Good luck and stay safe.
November 16th, 2006 08:00 PM
Originally Posted by razorblade
I tend to shoot low with my SIG. Does this mean I will tend to shoot even lower with the glock?
November 16th, 2006 08:07 PM
Welcome to the forum.
Another member asked about having 2 CCWs and I answered on that thread what I will say here:
I really like the idea of carrying guns with the same manual-of-arms myself...back when I could carry any gun while off-duty, I took advantage and simultaneously carried a Kahr P9 Covert 9mm behind the hip and a Kahr PM9 9mm in a weak-hand pocket holster with two seven-round magazines. Two guns, one manual-of-arms, with magazines that fit both guns.
That said, the P239 is not that much smaller than a P229, but the Glock 27 is as you noted. Besides the different "feel" of the SIG and Glock, the major difference is the positioning of the slide release and the trigger pull. You will probably notice a difference in your shooting due to the different trigger pull with the Glock's pull being shorter and lighter over the SIG. I think the difference becomes negligible if you have a Glock armorer or gunsmith install a NY trigger.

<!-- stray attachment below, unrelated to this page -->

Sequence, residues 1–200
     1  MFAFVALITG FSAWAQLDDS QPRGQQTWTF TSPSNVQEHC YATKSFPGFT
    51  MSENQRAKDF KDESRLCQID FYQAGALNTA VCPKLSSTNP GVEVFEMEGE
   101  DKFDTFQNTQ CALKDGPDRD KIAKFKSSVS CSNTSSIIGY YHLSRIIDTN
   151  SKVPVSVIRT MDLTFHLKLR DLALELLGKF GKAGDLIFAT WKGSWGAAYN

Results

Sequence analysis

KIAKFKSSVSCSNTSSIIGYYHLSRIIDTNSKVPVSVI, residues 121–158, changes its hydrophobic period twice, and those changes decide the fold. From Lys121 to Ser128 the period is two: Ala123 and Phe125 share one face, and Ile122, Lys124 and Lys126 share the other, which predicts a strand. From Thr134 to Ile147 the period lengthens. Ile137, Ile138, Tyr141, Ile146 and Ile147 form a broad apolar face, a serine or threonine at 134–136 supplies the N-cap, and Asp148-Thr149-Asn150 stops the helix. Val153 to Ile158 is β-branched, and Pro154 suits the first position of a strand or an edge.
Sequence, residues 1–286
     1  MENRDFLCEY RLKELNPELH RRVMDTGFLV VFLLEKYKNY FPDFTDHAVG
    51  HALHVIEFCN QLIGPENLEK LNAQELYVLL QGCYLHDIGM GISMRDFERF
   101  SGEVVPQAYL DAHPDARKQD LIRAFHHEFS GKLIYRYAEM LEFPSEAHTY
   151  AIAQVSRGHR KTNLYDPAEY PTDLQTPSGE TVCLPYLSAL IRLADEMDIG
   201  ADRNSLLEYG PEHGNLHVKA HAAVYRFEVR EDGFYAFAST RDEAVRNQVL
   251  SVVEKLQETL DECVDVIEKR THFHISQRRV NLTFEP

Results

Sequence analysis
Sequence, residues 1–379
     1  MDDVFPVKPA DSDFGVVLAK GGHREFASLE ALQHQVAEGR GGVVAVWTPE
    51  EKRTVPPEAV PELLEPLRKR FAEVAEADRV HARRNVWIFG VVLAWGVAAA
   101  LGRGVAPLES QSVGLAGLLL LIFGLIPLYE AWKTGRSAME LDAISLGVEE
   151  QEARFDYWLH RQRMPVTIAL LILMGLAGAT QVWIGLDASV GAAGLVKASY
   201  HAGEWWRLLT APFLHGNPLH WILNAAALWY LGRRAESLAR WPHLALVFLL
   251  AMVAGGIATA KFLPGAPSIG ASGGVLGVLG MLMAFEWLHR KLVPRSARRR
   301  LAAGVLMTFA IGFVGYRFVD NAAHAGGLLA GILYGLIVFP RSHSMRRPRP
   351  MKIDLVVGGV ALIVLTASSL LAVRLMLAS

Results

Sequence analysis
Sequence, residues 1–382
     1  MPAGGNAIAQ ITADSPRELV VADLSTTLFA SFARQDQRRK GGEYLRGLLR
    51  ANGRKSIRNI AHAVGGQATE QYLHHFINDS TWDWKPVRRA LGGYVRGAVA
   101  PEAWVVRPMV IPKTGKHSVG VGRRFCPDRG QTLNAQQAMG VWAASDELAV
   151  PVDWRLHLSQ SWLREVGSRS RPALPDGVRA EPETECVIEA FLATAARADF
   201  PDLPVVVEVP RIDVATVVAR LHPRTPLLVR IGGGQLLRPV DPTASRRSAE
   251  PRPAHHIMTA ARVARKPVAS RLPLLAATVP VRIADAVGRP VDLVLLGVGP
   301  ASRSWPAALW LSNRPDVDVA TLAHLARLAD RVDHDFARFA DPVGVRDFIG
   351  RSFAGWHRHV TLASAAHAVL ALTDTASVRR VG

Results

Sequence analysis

USAF: Loving Our Obscene Amenities Since 1947
November 16th, 2006 08:08 PM
I have learned that the main issue is matching up the "manual of arms"--DAO, DA/SA, etc. Essentially having the same operation, even thought they may be different brands.
Personally, I like products like the Glock, SIG's DAK trigger, and others that are simple to operate--draw, front sight, press and boom.
"It's a big gun when I carry it, it is also a big gun when I take it out” – Clint Smith
November 16th, 2006 08:09 PM
Glock's grip angle is on the obtuse side, which will tend to put your shots higher than with the Sig (unless you overcompensate).
Originally Posted by Spider717
This is assuming the Sig has a more acute (closer to 1911-ish) angle, but I don't know for sure that it does. Others should be able to answer that.
November 16th, 2006 09:43 PM
I'd get the Sig P239 in .40 with DAK trigger
I agree with the premise that you are less likely to make a mistake if both your duty and backup guns are Sigs in the same caliber with the same type of trigger. While the Glock 27 is indeed smaller than the Sig P239, I'd go with the P239 because it is so similar in controls and feel to the P229 duty gun.